The Wife is awarded the sum of NINETEEN THOUSAND ($19,000.00) DOLLARS, which sum represents one-half (1/2) of the stipulated value of the Husband's pension. In the event that the Husband is unable to pay said sum in its entirety, then the Husband shall issue to the Wife a Judgment Note in the sum of NINETEEN THOUSAND ($19,000.00) DOLLARS at an interest rate of one point above the prime rate established by Mellon Bank, N.A., as of the date of the execution of said Note. Equal monthly payments shall be made for sixty (60) consecutive months with the balance due with the last payment. Upon the death of the Husband, any and all sums are due and payable. Husband shall secure said Note with a policy of life insurance or other such securities acceptable to the Wife.

Trial court order of January 12, 1987. Appellant did not appeal from this order and it became a final order. Nearly two months later, appellee initiated contempt proceedings against appellant for noncompliance with the order. As the trial court aptly stated in its opinion:

The mere fact that no date was entered in this Order does not relieve the Husband of his responsibility to comply with this Order. The Husband has accepted the Order as final and he cannot choose to ignore responsibilities imposed upon him. The Husband was given the opportunity to choose the method by which he could discharge his obligation to the Wife; however, he chose to do nothing and wishes this Court to condone that decision. Certainly the period of time from the date of the entry of that Order until the contempt hearing was more than sufficient for the Husband to decide whether or not to make a lump sum payment to the Wife or to issue a judgment note to her. In failing to do either, the Husband demonstrated a blatant disregard for this Court's Order thus subjecting him to the sanctions which were imposed upon him.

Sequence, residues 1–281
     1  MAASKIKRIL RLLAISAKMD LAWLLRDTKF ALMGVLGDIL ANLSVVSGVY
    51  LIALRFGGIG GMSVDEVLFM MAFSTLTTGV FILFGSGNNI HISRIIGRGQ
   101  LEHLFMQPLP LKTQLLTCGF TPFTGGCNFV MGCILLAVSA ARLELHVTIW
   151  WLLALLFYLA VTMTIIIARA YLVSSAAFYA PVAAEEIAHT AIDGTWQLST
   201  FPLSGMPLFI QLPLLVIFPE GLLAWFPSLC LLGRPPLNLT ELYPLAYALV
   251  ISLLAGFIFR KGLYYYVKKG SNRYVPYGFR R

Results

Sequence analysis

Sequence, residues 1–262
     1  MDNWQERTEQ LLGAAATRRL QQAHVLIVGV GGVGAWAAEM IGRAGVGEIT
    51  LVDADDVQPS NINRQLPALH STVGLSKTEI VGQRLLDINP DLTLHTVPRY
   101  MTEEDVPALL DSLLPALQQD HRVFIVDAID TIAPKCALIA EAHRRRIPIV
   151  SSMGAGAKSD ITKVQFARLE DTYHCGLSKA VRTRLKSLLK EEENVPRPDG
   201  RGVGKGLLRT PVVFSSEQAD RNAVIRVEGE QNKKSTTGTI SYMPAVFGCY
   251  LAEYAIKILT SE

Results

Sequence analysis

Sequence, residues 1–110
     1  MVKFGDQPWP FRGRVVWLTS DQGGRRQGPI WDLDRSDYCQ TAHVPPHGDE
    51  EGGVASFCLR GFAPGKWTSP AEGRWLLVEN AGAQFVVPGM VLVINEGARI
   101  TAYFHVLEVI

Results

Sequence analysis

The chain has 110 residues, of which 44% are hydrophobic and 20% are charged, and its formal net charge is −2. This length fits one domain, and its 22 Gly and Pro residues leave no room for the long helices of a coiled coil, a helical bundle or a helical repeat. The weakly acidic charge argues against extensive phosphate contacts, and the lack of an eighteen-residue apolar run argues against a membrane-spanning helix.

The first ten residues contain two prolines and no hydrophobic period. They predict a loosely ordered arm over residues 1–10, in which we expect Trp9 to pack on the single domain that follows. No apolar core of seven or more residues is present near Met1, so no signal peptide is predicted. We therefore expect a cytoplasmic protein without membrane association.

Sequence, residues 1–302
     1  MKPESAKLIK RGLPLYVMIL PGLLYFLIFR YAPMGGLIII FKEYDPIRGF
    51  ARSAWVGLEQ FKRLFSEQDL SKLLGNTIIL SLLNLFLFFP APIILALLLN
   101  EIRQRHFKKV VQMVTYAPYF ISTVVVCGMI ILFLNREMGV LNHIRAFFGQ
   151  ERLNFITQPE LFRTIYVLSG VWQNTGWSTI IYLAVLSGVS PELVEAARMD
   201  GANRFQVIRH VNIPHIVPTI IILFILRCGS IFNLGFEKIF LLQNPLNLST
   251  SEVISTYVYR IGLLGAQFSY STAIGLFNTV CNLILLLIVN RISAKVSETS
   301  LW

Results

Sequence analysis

Trial court opinion of July 17, 1987 at 4. Accordingly, we find that the trial court did not abuse its discretion by finding appellant in contempt for failing to comply with the trial court's order.

Appellant's next contention is that the trial court erred by attaching appellant's wages to enforce a court order solely for the payment of equitable distribution. Specifically, appellant maintains that monetary judgments only for child or spousal support, and not for equitable distribution, may be enforced through wage attachment. We agree. Section 8127 of the Judicial Code explicitly states that:

§ 8127. Personal earnings exempt from process

The wages, salaries and commissions of individuals shall while in the hands of the employer be exempt from any attachment, execution or other process except upon an action or proceeding:

(1) For support.

(2) For board for four weeks or less.

(3) Under the act of August 7, 1963 (P.L. 549, No. 290), referred to as the Pennsylvania Higher Education Assistance Agency Act.